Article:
TBDS Late Night: I Won't Let Billy Beane's Star Fade

I got this pushed across my path toward the end of the work day, so what I had originally planned on writing about got pushed back to a later date. Why? Because I must defend Billy Beane.

And despite this glowing piece on ESPN (via @MoneyballMovie) the Oakland A's general manager has lost one of his biggest fans, ESPN's Rob Neyer, who had some not-so-nice things to say in the aftermath of the Matt Holliday trade.

"If the A's made a trade like this two years ago, I would have organized a parade to celebrate Billy Beane's great wisdom.

Today? I just can't do it. Instead of seeing three prospects obtained for a song, I wonder why the A's would want a "pear-shaped" third baseman who doesn't have much power and is widely thought to be a future first baseman, and I think about what a disaster Oakland's last first-baseman-of-the-future (Daric Barton) has been. Instead of applauding Beane for adding to the organization's pitching depth, I wonder what the A's -- who already have eight starting pitchers 25 or younger -- could possibly do with another young starter. And I wonder how Peterson's going to succeed where Ryan Sweeney and Travis Buck and Aaron Cunningham haven't."

This is me admitting something I don't want to admit. The original Moneyball concept is dead. The secret is out. OBP. OPS. Bill James' wisdom. All of it. Dead.

It's like befriending that one average looking young lady friend when she was "just alright" and your friends would have laughed at you had you actually dated her. Then she got hot overnight, and yeah, you two fooled around. Heck, you were the talk of the town. Then she left you and has been gettin' her freak on all around town. Now she's used goods and you're old news.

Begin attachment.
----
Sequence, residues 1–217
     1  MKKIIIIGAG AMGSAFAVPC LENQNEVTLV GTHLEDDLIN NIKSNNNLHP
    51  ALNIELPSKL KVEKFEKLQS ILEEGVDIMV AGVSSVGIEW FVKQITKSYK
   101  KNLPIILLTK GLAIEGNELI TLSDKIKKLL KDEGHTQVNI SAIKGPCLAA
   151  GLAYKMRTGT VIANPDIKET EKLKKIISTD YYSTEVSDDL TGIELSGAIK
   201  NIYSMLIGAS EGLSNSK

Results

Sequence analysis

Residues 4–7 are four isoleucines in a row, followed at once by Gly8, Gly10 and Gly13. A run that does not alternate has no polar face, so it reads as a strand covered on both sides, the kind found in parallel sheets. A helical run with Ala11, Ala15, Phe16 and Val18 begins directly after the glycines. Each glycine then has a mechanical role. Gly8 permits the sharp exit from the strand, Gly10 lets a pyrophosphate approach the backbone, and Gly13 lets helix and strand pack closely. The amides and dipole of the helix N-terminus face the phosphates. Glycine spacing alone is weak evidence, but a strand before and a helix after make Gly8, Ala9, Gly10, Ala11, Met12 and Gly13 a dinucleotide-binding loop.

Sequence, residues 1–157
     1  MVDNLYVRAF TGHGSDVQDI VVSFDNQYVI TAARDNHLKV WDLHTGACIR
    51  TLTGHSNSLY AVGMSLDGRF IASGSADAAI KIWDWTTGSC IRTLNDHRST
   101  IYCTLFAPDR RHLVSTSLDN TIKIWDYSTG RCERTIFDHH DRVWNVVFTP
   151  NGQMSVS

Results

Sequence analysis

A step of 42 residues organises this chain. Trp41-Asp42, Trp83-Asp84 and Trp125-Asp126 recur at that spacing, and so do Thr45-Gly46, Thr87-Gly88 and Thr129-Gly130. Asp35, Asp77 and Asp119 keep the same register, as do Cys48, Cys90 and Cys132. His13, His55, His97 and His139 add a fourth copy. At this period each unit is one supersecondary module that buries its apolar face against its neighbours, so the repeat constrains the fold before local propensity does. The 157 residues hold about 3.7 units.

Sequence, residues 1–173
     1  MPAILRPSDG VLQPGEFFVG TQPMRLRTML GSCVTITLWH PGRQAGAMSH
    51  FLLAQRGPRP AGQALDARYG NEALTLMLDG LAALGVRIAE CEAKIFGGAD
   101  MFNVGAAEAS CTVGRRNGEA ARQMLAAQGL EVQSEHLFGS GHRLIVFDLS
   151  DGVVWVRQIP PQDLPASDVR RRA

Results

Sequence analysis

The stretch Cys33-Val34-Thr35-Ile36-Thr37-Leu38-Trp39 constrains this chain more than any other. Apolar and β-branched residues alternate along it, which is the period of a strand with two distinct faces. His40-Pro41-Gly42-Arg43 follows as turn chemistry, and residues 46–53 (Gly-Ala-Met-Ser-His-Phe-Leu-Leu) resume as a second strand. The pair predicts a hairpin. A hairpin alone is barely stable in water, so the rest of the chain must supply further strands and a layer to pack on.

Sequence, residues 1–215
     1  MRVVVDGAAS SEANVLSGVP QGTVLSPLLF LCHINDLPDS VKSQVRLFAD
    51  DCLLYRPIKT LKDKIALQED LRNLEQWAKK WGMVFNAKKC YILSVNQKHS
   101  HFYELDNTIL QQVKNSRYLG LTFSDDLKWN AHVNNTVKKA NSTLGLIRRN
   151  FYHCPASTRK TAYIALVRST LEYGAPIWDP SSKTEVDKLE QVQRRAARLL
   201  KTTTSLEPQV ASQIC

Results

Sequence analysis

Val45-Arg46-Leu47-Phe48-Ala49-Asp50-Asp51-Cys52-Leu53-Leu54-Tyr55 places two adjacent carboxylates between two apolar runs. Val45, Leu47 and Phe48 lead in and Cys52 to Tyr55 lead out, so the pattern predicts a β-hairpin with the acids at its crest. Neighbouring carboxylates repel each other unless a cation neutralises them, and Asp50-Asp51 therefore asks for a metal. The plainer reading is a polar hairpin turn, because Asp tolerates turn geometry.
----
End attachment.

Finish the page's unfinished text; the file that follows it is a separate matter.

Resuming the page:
However, there is still hope for the underlying theme of the concept. Hoarding (and developing) young talent.

Oakland can't compete with the big boys because they cannot afford the price to keep the Hollidays of the world long enough. So they stockpile prospects instead. And if enough prospects flourish, then you have a winning cycle. It's a shame that Beane's genius is being wasted for an ownership group that wouldn't spend a penny to make a dollar.

Oftentimes, I've called for Beane to be the next Cubs GM once a real owner heads into town. Not based on my man crush on Beane, my love of the Michael Lewis best-seller or the movie that is coming out that will star Brad Pitt as the Outback Steakhouse waitress slaying, smooth-talking smoother criminal.

I've wanted Beane to come to Chicago and develop a farm system so the Cubs can be a real team.

Since 1998, when Beane became Oakland's GM, the A's have developed more home grown talent than the Cubs have. Then, the home grown talent gets turned into someone else's overlooked young talent.

Imagine had the following pitching staff been able to stay healthy and in tact: Dan Haren, Rich Harden, Tim Hudson, Mark Mulder, Barry Zito.

Or if Oakland had the loot to keep Jason Giambi, Miguel Tejada, Johnny Damon, Jermaine Dye and Nick Swisher around.

If Oakland's owners had Bill Gates money, the West Coast baseball scene would be poppin' like Tupac's California Love video. Instead, the Oakland baseball soundtrack plays like an old blues record.